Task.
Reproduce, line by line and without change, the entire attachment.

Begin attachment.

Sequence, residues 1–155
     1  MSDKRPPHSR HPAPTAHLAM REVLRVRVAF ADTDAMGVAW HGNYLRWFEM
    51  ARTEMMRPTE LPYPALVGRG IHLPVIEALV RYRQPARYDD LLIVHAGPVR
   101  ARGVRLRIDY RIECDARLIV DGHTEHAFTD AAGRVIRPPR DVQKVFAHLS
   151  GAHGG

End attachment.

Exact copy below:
Sequence, residues 1–155
     1  MSDKRPPHSR HPAPTAHLAM REVLRVRVAF ADTDAMGVAW HGNYLRWFEM
    51  ARTEMMRPTE LPYPALVGRG IHLPVIEALV RYRQPARYDD LLIVHAGPVR
   101  ARGVRLRIDY RIECDARLIV DGHTEHAFTD AAGRVIRPPR DVQKVFAHLS
   151  GAHGG